Monday, 24 February 2014

Focus on Herbs: Herb Robert

One of my favourite herbs is Herb Robert. Other common names are St.Robert, Storkbill, Cranesbill, Red Robin, Fox geranium, Bloodwort and St.Robert's Wort. It is an annual which grows to approximately 30cm and has stems and leaves which are covered in tiny hairs. The pretty flowers have petals with three steaks of white which start at the centre and phase out along the petal.

In her book How Can I Use Herbs In My Daily Life from which I got the information for this post, Isabell Shipard describes Herb Robert as a supreme, therapeutic herb. It enhances the immune system and is one of the most outstanding herbs we can use regularly.


It is a source of the antioxidant germanium which has the ability to make oxygen available to the cells thereby giving the body the opportunity to fight disease so healing can take place quickly. It contains Vitamins A, B and C as well.

Herb Robert also contains ellagic acid which, according to recent research, may slow the growth of some tumours caused by certain carcinogens.

In order to strengthen the immune system, some people eat the herb as fresh leaves which I do when I am watering the garden in the morning. The leaves aren't unpleasant to eat at all. Others make it into a tea and Isabell suggests drinking it hot about 1/2 hour before breakfast using 4-5 teaspoons of finely chopped leaves to one cup of boiling water then steeped for 5 minutes.

Isabell herself collects 4-5 leaves and stems of Herb Robert in the morning, then picks 4-6 Gotu Kola leaves, several nasturtium leaves and flowers, a small handful of sheep sorrel and anything else she might like to add such as lemon balm or watercress. These are then cut coarsely and heaped over toast or muesli.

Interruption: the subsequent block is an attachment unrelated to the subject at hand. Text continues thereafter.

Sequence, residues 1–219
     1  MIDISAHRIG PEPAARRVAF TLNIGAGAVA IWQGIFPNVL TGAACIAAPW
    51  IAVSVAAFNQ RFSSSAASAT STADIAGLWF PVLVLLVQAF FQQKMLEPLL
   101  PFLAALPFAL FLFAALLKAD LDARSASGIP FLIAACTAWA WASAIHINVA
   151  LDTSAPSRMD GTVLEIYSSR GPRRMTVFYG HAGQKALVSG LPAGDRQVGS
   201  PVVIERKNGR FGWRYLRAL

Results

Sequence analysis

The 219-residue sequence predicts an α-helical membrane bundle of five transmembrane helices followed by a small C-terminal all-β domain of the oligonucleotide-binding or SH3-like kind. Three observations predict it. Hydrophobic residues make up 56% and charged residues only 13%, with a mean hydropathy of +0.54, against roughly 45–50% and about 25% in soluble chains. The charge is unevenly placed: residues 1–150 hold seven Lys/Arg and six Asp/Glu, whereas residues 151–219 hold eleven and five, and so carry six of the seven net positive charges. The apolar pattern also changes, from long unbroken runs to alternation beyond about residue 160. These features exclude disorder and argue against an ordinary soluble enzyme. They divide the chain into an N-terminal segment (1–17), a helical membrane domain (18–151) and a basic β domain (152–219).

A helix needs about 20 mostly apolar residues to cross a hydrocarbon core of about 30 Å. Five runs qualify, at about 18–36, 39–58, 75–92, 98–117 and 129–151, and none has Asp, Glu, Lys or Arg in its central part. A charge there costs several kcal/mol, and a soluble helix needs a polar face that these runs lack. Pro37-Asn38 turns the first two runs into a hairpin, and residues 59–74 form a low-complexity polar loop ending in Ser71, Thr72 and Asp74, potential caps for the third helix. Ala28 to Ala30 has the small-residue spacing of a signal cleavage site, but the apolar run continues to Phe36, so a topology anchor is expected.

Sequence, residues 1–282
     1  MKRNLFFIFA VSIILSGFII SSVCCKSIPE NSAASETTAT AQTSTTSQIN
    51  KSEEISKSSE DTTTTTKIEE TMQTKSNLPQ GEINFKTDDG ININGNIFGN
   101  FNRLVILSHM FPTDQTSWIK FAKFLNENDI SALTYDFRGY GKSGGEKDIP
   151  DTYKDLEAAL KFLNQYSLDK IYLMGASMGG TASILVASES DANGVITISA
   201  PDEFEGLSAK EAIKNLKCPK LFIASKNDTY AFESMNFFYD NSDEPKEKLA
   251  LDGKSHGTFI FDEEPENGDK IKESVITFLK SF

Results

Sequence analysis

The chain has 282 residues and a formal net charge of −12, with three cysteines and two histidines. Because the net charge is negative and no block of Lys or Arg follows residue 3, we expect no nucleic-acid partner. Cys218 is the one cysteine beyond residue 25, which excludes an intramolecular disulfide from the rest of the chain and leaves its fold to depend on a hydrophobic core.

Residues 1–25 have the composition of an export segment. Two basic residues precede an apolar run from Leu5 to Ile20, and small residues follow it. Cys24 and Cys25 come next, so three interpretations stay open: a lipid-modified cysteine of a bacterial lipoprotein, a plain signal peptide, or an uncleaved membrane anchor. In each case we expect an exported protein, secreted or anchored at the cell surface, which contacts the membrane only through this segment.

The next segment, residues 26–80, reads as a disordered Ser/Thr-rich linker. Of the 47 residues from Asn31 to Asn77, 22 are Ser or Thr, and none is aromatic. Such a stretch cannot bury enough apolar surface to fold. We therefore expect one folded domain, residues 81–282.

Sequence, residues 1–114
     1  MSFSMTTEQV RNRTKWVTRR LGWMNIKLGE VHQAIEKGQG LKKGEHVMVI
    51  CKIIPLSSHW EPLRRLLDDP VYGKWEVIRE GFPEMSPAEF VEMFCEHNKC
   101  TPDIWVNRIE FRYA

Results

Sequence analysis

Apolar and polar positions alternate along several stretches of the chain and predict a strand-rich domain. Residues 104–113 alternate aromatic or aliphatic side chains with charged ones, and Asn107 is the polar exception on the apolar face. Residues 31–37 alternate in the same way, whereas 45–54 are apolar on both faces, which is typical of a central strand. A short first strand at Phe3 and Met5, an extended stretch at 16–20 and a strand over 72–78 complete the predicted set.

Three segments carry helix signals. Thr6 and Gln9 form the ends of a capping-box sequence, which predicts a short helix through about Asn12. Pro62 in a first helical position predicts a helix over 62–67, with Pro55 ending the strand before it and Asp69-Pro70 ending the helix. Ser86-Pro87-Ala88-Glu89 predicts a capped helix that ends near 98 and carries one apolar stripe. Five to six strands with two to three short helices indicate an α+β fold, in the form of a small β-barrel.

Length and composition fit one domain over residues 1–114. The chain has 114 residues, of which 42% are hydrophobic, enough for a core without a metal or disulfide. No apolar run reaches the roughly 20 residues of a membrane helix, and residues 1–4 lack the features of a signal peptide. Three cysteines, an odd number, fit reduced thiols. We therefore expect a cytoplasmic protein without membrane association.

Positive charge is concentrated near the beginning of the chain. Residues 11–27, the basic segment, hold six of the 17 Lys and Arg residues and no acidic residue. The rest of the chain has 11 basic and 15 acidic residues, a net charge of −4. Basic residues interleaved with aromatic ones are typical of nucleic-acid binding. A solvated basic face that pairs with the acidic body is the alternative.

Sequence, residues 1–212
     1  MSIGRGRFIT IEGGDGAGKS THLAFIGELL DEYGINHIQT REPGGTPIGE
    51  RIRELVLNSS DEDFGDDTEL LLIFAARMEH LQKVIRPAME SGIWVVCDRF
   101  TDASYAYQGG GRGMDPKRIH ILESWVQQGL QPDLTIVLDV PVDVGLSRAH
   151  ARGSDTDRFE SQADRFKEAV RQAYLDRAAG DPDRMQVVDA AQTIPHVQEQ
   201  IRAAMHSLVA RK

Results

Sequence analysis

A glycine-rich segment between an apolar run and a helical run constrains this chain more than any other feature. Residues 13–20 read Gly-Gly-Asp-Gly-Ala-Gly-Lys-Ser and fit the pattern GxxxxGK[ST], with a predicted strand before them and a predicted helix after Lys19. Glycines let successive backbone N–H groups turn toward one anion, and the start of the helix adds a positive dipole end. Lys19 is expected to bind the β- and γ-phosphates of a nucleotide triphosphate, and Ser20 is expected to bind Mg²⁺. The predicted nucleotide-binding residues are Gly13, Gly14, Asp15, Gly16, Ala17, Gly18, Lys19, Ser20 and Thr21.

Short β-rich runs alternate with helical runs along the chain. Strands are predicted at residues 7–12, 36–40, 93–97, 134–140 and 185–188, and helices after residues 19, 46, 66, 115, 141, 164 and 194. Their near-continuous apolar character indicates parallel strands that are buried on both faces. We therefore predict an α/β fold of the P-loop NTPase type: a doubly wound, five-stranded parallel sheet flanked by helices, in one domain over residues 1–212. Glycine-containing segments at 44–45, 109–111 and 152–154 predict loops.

The heatwaves this summer haven't been kind to our Herb Robert plants as they were growing in full sun and prefer shady damp places to grow. We might grow some in pots this winter and then move them into the shade when the heat arrives again in summer. Propagation is by seed and they self-seed readily and are not bothered by insects.

If you would like more information on the herb check out  Isabell's website.  You can also order Herb Robert from Shipard's Herb Farm. I am sure you won't be disappointed if you do start growing this wonderful herb. 


  1. I think this is one of those things I have only ever read about! It is interesting as I am trying to create an herb garden that has medicinal and seasoning values both and this sounds like one I should try!

  2. I loved my Herb Robert but he did not survive the heat so I am back to square 1. I do know a lady who grows it here though. I am enjoying your series on herbs Nanna Chel :)

    1. Tanya, it seems it likes the shade as it was growing prolifically in winter and was in the shade then but my husband moved some of the pots so poor old Robert got too hot during those heatwaves although they didn't last too long here but it is hotter where you are of course.

  3. Kathy, there are a few medicinal herbs that I will be posting about. If you could get hold of Isabell Shipard's book it is a great reference book to have.


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